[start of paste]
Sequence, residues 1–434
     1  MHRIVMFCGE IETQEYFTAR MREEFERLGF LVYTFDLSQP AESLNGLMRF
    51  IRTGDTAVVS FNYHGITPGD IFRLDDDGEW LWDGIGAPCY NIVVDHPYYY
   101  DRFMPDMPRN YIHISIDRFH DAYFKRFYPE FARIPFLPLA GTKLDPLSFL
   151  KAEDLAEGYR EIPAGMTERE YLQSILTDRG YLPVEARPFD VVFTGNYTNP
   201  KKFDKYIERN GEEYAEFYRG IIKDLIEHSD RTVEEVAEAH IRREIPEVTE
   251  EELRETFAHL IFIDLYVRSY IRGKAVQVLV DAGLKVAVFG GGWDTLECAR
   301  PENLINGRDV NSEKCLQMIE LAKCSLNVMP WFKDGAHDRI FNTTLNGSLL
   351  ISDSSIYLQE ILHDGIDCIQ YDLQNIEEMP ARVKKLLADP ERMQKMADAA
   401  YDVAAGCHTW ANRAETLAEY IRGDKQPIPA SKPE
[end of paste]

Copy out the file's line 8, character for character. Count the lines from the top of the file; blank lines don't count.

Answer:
   301  PENLINGRDV NSEKCLQMIE LAKCSLNVMP WFKDGAHDRI FNTTLNGSLL